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## Linear homogeneous equations

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# 2nd order linear homogeneous differential equations 2

## Video transcript

I've spoken a lot about second
order linear homogeneous differential equations in
abstract terms, and how if g is a solution, then
some constant times g is also a solution. Or if g and h are solutions,
then g plus h is also a solution. Let's actually do problems,
because I think that will actually help you learn,
as opposed to help you get confused. So let's say I have this
differential equation, the second derivative of y, with
respect to x, plus 5 times the first derivative of y, with
respect to x, plus 6 times y is equal to 0. So we need to find a y where 1
times its second derivative, plus 5 times its first
derivative, plus 6 times itself, is equal to 0. And now, let's just do a little
bit of-- take a step back and think about what kind
of function-- if I have the function and I take its
derivative and then I take its second derivative,
most times I get something completely different. Like, if y was x squared, then
y prime would be 2x, and y prime prime would be 2. And then to add them together
you'd say, well, how would my x terms cancel out so that
you get 0 in the end? So draw back into your brain
and think, is there some function that when I take its
first and second derivatives, and third and fourth
derivatives, it essentially becomes the same function? Maybe the constant in front of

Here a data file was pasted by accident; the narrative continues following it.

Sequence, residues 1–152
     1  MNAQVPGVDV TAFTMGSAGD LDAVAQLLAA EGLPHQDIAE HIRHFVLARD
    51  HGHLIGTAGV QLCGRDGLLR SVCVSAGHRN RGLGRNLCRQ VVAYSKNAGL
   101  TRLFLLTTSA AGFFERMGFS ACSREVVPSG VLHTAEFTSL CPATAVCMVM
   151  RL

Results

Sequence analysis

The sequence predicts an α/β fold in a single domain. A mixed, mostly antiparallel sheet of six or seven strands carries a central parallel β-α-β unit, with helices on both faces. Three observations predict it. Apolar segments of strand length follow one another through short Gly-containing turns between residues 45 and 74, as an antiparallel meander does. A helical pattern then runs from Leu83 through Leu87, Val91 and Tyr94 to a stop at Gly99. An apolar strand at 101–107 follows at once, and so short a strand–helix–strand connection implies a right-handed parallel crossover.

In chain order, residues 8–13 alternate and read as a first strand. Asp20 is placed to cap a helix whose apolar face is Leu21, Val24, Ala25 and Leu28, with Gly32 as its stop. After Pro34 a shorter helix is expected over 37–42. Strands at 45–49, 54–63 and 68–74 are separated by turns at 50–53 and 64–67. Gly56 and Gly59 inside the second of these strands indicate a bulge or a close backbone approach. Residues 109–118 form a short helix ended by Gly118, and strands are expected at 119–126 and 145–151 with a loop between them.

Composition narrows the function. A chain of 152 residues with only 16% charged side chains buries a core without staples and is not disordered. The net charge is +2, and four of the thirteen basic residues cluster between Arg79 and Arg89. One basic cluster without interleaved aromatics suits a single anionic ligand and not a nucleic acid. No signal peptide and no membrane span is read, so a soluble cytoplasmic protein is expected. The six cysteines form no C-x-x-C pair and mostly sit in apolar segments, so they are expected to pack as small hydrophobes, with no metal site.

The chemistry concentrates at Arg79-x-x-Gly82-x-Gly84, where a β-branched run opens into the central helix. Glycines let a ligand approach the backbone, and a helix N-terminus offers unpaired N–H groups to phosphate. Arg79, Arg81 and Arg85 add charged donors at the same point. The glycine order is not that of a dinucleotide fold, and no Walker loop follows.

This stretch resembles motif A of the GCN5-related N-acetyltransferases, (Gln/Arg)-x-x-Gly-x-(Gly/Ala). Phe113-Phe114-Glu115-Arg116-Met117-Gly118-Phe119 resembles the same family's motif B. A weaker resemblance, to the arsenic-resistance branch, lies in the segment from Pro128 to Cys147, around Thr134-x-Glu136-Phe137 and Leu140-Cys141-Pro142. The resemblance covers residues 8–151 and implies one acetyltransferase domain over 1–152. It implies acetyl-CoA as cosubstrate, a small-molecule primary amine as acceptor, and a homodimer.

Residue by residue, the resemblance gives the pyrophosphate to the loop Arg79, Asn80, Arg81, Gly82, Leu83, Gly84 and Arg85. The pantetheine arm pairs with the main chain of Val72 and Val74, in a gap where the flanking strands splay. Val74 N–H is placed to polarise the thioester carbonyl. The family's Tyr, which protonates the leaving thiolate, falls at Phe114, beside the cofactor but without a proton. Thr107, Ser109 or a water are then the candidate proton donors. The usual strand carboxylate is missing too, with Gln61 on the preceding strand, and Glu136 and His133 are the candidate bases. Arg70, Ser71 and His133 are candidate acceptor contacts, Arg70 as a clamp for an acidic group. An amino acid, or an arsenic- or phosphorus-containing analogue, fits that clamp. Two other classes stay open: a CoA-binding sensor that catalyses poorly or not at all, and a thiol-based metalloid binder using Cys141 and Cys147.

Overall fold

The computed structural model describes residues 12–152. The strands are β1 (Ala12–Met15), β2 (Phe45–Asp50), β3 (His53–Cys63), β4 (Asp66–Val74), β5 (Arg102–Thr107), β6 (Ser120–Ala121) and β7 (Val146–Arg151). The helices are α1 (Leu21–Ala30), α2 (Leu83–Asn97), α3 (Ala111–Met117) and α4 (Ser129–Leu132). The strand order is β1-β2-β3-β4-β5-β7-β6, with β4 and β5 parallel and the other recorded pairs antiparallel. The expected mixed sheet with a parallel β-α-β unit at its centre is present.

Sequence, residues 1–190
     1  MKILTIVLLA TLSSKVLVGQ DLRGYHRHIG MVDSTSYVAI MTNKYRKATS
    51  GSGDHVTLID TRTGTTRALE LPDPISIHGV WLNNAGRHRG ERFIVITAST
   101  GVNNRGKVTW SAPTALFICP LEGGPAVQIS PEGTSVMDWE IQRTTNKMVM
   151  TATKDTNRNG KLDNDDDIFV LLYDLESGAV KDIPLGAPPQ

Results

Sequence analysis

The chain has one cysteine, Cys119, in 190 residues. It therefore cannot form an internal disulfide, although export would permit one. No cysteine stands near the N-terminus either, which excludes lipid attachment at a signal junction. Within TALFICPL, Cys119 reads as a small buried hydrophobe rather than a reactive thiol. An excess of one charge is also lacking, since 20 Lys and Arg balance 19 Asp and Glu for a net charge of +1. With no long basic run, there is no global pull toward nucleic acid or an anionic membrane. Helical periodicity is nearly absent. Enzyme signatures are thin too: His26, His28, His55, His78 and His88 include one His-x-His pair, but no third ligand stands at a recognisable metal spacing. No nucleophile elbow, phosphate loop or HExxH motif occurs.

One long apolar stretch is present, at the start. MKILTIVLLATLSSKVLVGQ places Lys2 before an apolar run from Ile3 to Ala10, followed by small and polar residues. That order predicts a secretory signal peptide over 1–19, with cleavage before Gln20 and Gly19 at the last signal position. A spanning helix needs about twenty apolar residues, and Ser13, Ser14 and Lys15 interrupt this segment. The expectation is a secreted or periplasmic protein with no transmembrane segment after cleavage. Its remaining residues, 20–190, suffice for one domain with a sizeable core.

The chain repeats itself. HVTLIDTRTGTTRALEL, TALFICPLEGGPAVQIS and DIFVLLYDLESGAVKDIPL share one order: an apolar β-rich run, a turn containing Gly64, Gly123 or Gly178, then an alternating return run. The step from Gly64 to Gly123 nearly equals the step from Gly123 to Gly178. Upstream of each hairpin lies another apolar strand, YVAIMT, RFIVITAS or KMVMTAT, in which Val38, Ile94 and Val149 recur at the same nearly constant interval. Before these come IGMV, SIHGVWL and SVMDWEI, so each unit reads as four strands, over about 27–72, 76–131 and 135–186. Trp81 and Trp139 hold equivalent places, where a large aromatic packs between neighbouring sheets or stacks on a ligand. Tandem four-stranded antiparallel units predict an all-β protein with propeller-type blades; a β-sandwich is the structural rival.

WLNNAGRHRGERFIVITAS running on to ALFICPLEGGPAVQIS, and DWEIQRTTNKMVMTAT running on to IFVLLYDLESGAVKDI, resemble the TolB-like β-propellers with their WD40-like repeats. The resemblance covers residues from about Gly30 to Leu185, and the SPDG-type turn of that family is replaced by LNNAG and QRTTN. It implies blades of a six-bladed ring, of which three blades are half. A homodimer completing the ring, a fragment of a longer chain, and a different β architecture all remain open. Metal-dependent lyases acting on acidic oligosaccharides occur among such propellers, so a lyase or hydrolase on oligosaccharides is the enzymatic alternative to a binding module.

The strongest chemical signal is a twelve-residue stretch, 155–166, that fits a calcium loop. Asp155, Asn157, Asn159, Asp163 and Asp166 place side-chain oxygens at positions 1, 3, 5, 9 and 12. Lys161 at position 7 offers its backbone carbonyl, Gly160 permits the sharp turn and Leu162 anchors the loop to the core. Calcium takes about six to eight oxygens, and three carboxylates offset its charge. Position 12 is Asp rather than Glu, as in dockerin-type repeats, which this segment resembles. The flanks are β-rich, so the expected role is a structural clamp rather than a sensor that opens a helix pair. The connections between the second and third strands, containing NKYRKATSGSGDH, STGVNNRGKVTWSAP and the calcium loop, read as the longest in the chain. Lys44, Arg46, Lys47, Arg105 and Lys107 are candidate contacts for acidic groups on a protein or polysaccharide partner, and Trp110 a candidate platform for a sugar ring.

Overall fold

the function changes as I take the derivative. And if you've listened to a
lot of my videos, you'd realize that it probably is what
I consider to be the most amazing function
in mathematics. And that is the function
e to the x. And in particular, maybe e to
the x won't work here-- or you can even try it out, right? If you did e to the x,
it won't satisfy this equation, right? You would get e to the x, plus
5e to the x, plus 6e to the x. That would not equal to 0. But maybe y is equal to e to
some constant r, times x. Let's just make the assumption
that y is equal to some constant r times x, substitute
it back into this, and then see if we can actually solve
for an r that makes this equation true. And if we can, we've found the
solution, or maybe we've found several solutions. So let's try it out. Let's try y is equal to
e to the rx into this differential equation. So what is the first
derivative of it, first of all. So y soon. prime is
equal to what? Derivative chain rule. Derivative of the inside is r. And then derivative of
the outside is still just e to the rx. And what's the second
derivative? y prime prime is equal to
derivative-- r is just a constant-- so derivative of the
inside is r, times r on the outside, that's r squared,
times e to the rx. And now we're ready to
substitute back in. And I will switch colors. So the second derivative, that's
r squared times e to the rx, plus 5 times the first
derivative, so that's 5re to the rx, plus 6 times our
function-- 6 times e to the rx is equal to 0. And something might already be
surfacing to you as something we can do this equation
to solve for r. All of these terms on the left
all have an e to the rx, so let's factor that out. So this is equal to e to the rx
times r squared, plus 5r, plus 6 is equal to 0. And our goal, remember, was to
solve for the r, or the r's, that will make this true. And in order for this side